Fadi Yahya, M.D.
Birthing Centers, Obstetrics & Gynecology (OB-GYN), Women's Health
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Are you of average risk for breast cancer and what does that mean exactly? Should you have a mammogram and if so, how often? Below are five top frequently asked questions (FAQs) and answers about breast screenings and recommendations.
- Does mammography really save lives? Yes, it does. Mayo Clinic supports screening beginning at age 40 because screening mammograms can detect breast abnormalities early in women in their 40s. Findings from randomized trials of women in their 40s and 50s have demonstrated that screening mammograms decrease breast cancer deaths by 15 to 29 percent. The down side is the possible harm that arises from screening. Harm includes “false alarms” and “over diagnosis.” A false alarm is when the mammogram is read positive and further workup is negative for cancer. While an over diagnosis is discovering and treating a cancer that would have never caused harm. It is important to note that while some cancers are not harmful due to tumor biology, currently there is no way to know if a cancer will progress or not so all cancers detected are treated. Over diagnosis leads to some patients receiving treatment for a cancer that, if undiscovered, would not have caused harm. Some studies show that fewer lives are saved by screening among women in the 40-49 age group, the risk-to-benefit analysis is controversial and the screening recommendations for this age group vary among medical societies.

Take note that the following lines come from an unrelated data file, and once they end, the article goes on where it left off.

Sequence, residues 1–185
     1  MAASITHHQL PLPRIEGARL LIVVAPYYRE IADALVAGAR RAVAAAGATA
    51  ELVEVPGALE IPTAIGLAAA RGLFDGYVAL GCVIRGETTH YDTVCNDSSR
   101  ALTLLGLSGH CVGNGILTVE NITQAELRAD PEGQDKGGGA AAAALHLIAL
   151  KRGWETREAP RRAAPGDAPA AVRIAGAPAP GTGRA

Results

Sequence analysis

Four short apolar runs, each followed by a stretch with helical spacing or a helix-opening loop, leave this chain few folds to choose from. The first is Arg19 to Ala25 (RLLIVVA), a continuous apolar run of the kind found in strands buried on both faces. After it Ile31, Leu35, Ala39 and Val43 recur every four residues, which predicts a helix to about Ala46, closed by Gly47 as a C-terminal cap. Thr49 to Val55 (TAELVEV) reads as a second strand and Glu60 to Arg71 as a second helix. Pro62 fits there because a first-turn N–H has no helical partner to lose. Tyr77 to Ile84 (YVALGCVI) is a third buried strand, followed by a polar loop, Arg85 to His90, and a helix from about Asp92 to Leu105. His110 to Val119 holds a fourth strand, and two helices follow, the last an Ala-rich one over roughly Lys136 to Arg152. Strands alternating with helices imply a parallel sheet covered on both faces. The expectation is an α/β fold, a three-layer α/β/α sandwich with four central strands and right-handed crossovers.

- At what age should screening start? All major groups making recommendations about breast cancer screening endorse routine screening with mammography for women starting at age 50 and older. There is debate, however, about routine screening for younger women (age group 40-49), with some groups encouraging shared decision-making with patients, because of trade-offs of benefits and harms. As of May 2016, Mayo Clinic recommends annual screening mammography beginning at age 40 years for women at average risk of breast cancer. Average risk of breast cancer means women with no family history of breast cancer and no other risk factors for breast cancer. Women with a family history of breast cancer or other risk factors for breast cancer require an individualized approach to screening.
- When should screening be discontinued? The recommendations vary between organizations. Some recommend discontinuing at the age of 74 years, while others recommend assessing life expectancy and if it is less than 5 to 10 years, then screening can be discontinued.
- How often should mammograms be done? The recommended frequency of mammography is variable among organizations. In general, government-sponsored groups, such as the U.S. Preventive Services Task Force, recommend screening every 2 to 3 years, while medical societies recommend screening every 1 to 2 years. This variation is related to balancing the benefits and harms of mammography. The longer intervals are associated with less harm from false alarms and over diagnosis, and also leads to slightly less lives saved.
- What is the significance of increased breast density? The presence of dense breast tissue on mammography both decreases the sensitivity of mammography and increases the risk of breast cancer. Additional screening strategies are available that can improve the detection of cancer in women with increased breast density.
We encourage women to inquire about the benefits as well as the harms of mammography and to ask their providers about recommendations from all the major groups and medical societies. While not all organizations agree on breast cancer screening guidelines, most do emphasize working with your doctor to determine what's right for your particular situation.